When does curry go bad?
In February, I made a trip to Turkey for an Indian restaurant, but my dinner was not as good as my Turkish counterpart’s.
While I ate my dish with my friends, the waitress made sure that my bowl was filled with water, and we left feeling disappointed.
“You’re not getting any curry,” she said.
The waitress was referring to the watery soup that had been added to our meal.
The water tasted sour.
I was disappointed, but I still enjoyed my meal.
It was a typical curry experience, I told myself.
“It’s just what they do,” I thought.
A few days later, I received a phone call from a woman who claimed to be the manager of a Turkish restaurant in my neighbourhood.
She claimed that her restaurant had been served by a woman in her 20s who was a member of a “sisterhood” who “wanted to make curry and she couldn’t.”
She said the group of women was from the area, and she wanted to know if she could help us.
“I asked her if she knew anyone who could make curry,” I later recalled to the CBC.
“She said yes, she had some recipes from India and she said she could come and make them for us,” I told the woman.
The woman, who was married to a man, agreed to come to my house and make the dishes.
She then called me back and told me that she would be going to India later in the week and would have me meet her at her place.
I had a meeting with the manager and asked her what she wanted me to do.
“If you don’t come to India, I will take care of the curry for you,” she replied.
I asked if she would cook for me.
“Of course,” she told me.
The manager explained that she was a “family member” and had a small business in the area.
She told me she could get me the water to make the curry.
I took her up on the offer and we had the food cooked.
I would later learn that the woman in question had already tried to contact my local restaurant and had been told that the kitchen staff was busy and couldn’t meet the need for curry.
“There was no way she could make it,” the manager told me later.
The owner of the restaurant said she knew of the woman who had approached her.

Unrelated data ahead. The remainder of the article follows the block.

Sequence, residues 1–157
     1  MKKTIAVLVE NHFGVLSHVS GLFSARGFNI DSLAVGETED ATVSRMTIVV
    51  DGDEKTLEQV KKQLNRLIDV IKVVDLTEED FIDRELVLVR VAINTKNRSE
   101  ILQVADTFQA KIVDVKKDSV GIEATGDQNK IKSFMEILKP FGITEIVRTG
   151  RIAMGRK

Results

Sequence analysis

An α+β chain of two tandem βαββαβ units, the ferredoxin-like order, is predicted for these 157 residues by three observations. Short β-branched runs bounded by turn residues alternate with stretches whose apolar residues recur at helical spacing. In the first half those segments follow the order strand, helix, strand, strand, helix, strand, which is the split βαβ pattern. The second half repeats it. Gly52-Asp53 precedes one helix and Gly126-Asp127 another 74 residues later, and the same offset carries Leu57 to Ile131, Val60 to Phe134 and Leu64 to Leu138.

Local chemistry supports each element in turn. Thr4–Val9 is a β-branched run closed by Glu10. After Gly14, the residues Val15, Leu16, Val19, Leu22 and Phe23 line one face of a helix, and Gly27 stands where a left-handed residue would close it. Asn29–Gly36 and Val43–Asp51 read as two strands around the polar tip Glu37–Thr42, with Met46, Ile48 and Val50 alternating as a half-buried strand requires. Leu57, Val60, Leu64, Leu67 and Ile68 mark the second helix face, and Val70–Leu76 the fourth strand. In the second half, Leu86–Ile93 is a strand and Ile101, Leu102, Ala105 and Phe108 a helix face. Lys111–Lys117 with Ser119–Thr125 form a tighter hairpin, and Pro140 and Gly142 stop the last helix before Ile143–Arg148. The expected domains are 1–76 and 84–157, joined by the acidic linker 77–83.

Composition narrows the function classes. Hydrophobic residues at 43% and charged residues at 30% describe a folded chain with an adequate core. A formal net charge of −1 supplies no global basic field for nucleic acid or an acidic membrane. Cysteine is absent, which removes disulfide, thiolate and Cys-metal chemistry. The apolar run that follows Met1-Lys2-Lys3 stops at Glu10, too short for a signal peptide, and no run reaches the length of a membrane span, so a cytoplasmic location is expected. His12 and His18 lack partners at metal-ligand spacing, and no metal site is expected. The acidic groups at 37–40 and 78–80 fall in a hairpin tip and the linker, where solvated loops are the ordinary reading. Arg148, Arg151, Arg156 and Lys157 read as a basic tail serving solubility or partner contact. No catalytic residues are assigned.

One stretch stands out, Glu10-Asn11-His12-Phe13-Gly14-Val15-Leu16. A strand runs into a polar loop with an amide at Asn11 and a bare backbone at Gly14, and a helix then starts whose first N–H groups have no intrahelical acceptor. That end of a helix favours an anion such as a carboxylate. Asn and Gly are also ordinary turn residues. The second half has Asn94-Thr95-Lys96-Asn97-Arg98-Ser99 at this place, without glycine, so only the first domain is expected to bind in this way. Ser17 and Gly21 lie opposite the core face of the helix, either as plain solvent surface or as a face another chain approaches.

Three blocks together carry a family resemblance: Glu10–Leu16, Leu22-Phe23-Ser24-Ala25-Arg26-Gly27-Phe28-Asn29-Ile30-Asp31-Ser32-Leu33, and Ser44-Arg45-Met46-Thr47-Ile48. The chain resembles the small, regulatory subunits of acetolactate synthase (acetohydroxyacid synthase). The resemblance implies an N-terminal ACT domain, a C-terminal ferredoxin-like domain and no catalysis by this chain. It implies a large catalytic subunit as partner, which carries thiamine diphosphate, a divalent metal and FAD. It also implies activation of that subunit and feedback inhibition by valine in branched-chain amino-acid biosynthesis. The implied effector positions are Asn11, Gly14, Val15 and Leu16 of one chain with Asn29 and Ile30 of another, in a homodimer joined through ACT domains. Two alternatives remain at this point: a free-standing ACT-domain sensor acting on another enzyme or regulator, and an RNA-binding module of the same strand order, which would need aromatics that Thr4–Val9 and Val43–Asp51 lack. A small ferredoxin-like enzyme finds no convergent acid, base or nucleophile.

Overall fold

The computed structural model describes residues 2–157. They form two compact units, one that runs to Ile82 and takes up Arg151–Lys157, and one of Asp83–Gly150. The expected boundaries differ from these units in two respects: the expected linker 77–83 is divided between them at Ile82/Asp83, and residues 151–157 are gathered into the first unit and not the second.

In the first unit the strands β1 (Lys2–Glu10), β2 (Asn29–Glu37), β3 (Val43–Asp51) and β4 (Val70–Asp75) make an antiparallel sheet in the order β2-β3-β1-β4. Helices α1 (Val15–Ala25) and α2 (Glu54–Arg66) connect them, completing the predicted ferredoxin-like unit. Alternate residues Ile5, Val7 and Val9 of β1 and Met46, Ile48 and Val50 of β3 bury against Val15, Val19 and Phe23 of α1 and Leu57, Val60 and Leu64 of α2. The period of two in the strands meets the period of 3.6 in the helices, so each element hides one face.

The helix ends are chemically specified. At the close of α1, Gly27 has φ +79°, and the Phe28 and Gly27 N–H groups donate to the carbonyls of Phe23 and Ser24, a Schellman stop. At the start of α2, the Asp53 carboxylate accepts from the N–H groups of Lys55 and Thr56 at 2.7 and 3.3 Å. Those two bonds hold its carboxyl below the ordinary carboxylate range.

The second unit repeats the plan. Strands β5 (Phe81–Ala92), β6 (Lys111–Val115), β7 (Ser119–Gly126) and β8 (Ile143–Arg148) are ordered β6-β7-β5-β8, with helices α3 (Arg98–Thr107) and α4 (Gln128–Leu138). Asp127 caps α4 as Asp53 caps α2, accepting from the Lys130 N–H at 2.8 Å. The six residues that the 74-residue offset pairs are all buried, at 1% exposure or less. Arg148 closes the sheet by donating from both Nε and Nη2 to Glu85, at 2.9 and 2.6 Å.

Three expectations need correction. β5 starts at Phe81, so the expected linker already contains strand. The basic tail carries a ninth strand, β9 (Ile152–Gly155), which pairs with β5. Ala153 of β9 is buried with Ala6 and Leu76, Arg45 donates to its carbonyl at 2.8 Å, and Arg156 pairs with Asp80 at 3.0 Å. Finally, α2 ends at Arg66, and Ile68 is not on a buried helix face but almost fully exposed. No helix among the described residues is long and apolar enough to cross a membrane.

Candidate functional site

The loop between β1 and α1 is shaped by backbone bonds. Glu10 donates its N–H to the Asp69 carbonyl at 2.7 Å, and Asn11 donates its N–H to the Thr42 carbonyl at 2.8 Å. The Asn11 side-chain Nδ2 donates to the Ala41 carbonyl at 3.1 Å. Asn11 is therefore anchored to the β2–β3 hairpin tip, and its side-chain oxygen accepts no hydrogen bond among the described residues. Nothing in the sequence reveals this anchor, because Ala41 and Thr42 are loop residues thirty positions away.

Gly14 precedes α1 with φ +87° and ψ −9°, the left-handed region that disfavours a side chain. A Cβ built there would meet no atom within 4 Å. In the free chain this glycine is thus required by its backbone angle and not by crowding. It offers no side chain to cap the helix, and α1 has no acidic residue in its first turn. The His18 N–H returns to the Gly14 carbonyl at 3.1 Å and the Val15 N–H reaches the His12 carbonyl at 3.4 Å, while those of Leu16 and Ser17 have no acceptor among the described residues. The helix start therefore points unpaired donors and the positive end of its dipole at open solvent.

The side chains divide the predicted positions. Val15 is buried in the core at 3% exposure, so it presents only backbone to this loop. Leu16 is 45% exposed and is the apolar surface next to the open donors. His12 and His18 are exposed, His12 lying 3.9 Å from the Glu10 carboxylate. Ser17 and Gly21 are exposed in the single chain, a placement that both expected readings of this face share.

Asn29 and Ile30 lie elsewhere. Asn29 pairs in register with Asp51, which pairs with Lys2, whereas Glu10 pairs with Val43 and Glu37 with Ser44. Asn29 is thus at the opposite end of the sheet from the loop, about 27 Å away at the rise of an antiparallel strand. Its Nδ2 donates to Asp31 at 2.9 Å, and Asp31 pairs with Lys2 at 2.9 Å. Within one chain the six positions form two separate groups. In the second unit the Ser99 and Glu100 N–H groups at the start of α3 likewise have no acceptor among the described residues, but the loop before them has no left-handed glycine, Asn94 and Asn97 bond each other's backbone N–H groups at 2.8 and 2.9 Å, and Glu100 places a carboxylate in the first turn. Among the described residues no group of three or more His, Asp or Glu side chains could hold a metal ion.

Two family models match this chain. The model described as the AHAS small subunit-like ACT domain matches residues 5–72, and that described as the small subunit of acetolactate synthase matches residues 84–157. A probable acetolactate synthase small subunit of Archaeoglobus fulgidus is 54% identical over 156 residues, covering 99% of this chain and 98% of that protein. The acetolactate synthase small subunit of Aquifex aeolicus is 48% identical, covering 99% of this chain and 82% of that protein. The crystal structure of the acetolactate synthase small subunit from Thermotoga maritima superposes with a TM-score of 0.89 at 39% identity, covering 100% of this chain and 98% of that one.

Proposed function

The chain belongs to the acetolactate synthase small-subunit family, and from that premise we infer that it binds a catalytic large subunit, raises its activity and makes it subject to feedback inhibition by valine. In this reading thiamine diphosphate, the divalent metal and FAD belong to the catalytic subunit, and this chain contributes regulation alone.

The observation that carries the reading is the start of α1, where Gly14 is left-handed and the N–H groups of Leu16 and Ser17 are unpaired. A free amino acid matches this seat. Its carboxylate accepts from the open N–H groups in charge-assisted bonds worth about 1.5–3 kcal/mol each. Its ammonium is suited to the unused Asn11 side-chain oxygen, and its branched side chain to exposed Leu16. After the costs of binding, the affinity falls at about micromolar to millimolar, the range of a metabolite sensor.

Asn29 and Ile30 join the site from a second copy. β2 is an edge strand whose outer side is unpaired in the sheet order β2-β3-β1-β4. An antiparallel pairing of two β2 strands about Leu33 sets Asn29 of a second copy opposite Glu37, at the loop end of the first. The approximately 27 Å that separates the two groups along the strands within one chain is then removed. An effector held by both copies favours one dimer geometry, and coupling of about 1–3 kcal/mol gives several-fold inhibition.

“We have been in touch with her, she said that she wanted the food to be prepared by her,” the owner told me in an email.
“But we are not sure what she could do.”
The owner went on to say that there was no one she could contact to make a formal complaint about the woman’s request.
When I asked the restaurant manager if I could contact the owner directly, she responded, “We will be looking into this further.”
The manager went on, “I am not going to answer this, I have no other choice.
We cannot do anything until the owner comes and gives her a formal response.”
I asked her why.
“Because the owner has been very kind to us,” she responded.
“So that I can take care and do the right thing.”
The restaurant owner’s response was an attempt to cover up her actions.
She explained that the restaurant owner was trying to make sure that the owner’s business was going well and that she didn’t want to be seen to be doing anything that would cause harm to her business.
I have been trying to get in touch and get answers from the owner, she told the CBC in an emailed statement.
The CBC has contacted the restaurant, and has not yet heard back.
In a letter to the owner dated December 11, 2016, the owner wrote that she “understands the gravity of this matter and will work with you in the next few days to ensure that you have a smooth run and that you are well.”
The CBC contacted the owner for comment.
The owners response did not satisfy me.
I want to know how they could possibly have allowed this woman to cook for them without making sure that she had the proper training, and then failed to follow up with me about it.
In response to the letter, the restaurant’s owner wrote, “It is my duty as the owner to protect the integrity of our business and the safety of the guests.”
I called the owner and told her that I wanted to find out what she had done to make me think that her business was safe.
I then asked her about my concerns and her response.
“My response was that I do not want to comment further because I don’t want any damage to my business,” she wrote.
“That being said, I want you to know that I will make sure you are doing everything that you can to make your business successful and safe.
If you do not do that, I would not be able to do my job properly.”
I also asked her how she would know that she could not cook the food for me and her family. “What you